Tuesday, 2 March 2010

Bagfulls of language

When I first came to Japan about 10 years ago, I had a lot of time on my hands and took to learning the local tongue using a book titled “Japanese for Busy People 1 .”

I found it to be a very good introduction to the language, filled with realistic practical examples and clear explanations, but also extremely revealing in the order it chose to present kanji to its foreign learners.
The first two Chinese characters it taught after the numbers and days of the week were 会 and 社, or kaisha (company), a clear forewarning of the importance society places on an institution that many of the hoi polloi have to been seen to prioritize over family, friends and other pursuits.

The glossy exterior of this incorporated mentality is most evident at the nation's retail outlets, especially at chain supermarkets and convenience stores.

I've been picking up bottles of water and snacks from the same chain store in Otemachi every morning for the past three years. The same young woman has been working there the entire time. Yet, every time we seem to do battle.

With a big smile, she insists on putting my Kit-Kat into a plastic bag. With the same growl, I insist that I do not require her putting my fun-sized treat into a receptacle I will promptly dispose of.

Victory in our daily skirmish hinges on a number of factors. If I've had a good night's sleep, I can get in a pre-emptive strike by requesting a bag-free purchase even before I've put my munchies on the counter. She admits defeat by giving me one more regimented "Arigatou gozaimasu" (Thank you very much) than permitted in the AM-PM service manual

However, when the tables are turned and I'm purchasing a bottle of Pocari Sweat to dehydrate me after a beer too many the previous night, I don't stand a chance. She swiftly takes my drink, puts it into the polyethylene and sends me on my way before I can barely growl in protest.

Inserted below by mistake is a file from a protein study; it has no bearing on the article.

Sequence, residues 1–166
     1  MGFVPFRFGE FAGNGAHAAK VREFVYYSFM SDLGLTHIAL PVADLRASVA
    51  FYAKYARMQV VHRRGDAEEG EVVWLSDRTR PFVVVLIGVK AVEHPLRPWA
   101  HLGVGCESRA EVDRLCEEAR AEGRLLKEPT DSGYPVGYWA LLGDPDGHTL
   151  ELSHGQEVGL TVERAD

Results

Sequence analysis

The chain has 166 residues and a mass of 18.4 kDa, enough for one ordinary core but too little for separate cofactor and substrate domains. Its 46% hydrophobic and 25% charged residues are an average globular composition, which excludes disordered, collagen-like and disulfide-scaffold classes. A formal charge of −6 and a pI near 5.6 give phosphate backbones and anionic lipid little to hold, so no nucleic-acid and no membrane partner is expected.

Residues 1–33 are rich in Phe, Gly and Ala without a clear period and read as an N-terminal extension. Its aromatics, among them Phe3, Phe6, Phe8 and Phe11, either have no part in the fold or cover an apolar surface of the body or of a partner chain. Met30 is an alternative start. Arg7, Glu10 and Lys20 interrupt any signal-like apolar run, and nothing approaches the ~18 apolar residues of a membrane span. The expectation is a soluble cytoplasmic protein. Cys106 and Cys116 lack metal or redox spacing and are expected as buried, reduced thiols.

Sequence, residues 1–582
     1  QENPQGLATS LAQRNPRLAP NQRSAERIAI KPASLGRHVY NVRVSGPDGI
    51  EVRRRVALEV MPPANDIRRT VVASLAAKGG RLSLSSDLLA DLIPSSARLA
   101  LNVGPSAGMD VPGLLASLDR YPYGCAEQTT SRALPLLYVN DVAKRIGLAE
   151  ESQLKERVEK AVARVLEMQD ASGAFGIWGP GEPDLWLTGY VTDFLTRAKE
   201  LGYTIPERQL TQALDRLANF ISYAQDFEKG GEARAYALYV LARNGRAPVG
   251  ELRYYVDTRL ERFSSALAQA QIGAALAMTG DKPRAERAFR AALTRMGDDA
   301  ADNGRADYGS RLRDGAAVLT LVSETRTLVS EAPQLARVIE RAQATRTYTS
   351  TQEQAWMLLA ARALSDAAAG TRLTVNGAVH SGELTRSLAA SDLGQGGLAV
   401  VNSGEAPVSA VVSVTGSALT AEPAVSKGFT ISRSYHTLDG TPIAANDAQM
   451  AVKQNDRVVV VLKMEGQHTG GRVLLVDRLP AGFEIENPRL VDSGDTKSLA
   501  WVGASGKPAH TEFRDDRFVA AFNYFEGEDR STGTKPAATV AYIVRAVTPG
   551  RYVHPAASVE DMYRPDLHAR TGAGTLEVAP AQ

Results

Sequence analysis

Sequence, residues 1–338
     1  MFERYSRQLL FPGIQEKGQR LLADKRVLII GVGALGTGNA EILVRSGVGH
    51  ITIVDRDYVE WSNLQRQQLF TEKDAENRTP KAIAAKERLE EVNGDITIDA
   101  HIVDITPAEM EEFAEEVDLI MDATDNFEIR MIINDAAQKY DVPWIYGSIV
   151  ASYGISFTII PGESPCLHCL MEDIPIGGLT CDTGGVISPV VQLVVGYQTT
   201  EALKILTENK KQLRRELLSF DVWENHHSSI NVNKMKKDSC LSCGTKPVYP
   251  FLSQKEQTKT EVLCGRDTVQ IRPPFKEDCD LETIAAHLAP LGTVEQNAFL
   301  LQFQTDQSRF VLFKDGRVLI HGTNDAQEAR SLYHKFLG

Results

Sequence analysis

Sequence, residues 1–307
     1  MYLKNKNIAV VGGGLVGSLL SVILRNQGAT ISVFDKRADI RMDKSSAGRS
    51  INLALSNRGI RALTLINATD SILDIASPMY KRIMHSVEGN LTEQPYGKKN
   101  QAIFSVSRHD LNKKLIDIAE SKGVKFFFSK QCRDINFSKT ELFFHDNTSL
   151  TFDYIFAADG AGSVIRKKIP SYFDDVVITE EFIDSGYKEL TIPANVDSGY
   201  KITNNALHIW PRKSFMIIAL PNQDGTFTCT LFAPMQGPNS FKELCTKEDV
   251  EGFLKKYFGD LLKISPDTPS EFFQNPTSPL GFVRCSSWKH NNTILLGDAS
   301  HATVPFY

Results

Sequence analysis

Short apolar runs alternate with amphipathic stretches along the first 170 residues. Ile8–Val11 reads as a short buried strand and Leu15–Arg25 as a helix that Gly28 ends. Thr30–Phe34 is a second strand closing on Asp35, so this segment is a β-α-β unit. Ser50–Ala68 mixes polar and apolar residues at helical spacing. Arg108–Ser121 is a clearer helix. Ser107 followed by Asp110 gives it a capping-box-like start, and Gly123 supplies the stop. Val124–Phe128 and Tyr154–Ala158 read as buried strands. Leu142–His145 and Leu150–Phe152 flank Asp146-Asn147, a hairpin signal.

The big events, however, are when we are both on our game and unwilling to submit any ground to gain the upper hand. Her favoured tactic is to completely ignore my request and pretend to be swimming in her thoughts. I counter this with a strategic argument (taking the eco-warrior approach) of "I don't need a bag. It's not good for the environment." These contests can continue for a full 10 seconds or so, before she smugly withdraws the bag knowing she's made me earn my lack of plastic.
Having lived in Japan for about 10 years in total, I find that rather than using the greetings taught me in "Japanese for Busy People 1" such as "Konnichiwa" (Hello) or weather-based chit-chat, the words I use the most are "kono mama de ii desu" (It's fine as it is," "fukuro ga iranai" (I don't need a bag) and "kekko desu" (I'm alright, thanks).
I wonder if the publishers of this textbook have ever thought about altering their opening chapter. I would be happy to provide the explanation. But I'd also appreciate it if someone could tell me why everything has to be bagged in the first place.


  1. haha, we all have our battles! Mine are weekly rather than daily, when I pick up my shirts from the dry cleaners. The lady in the shop feels the need to tell me that she "saw me on my bike going to the supermarket the other day" and that "I like cycling". This is fine, but she tells me the exact same thing every week! The only time she one broke the repetition was to one week randomly ask me whether I like America!?

  2. Let's make a "konomamade iidesu" T-shirt!!

    I'm wondering what do I say in that situation.
    "fukuro ha kekkou desu"
    well, "konomamade iidesu" is the best answer...

    "Eco" is not just a boom. Need to think about the environment seriously. I use a heater and watch TV almost whole day,so I can't say I'm eco-friendly,though.

  3. Well, said! I had to laugh when I read this, because I found myself in the same situation on numerous accounts when I was in Japan :) In fact, YOU were the one who taught me the phrase "fukuro ga iranai"! I still have the Japanese-English dictionary and the Hiragana cards you gave me for my birthday one year when I was still living there.

    Andy-sensei, you always impressed me by how naturally and quickly you picked up the language. Amazing how you were always able to communicate in Japanese with such ease. I studied and tried hard, but I always ended up having clumsy conversations that ended up in a comedy of errors.